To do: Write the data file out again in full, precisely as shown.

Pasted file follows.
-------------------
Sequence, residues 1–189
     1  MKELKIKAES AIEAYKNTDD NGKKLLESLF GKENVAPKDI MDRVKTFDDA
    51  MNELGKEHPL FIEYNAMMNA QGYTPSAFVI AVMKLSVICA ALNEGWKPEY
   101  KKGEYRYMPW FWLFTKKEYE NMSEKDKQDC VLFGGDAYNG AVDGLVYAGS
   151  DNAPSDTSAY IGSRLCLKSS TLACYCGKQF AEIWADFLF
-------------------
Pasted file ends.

Sequence, residues 1–189
     1  MKELKIKAES AIEAYKNTDD NGKKLLESLF GKENVAPKDI MDRVKTFDDA
    51  MNELGKEHPL FIEYNAMMNA QGYTPSAFVI AVMKLSVICA ALNEGWKPEY
   101  KKGEYRYMPW FWLFTKKEYE NMSEKDKQDC VLFGGDAYNG AVDGLVYAGS
   151  DNAPSDTSAY IGSRLCLKSS TLACYCGKQF AEIWADFLF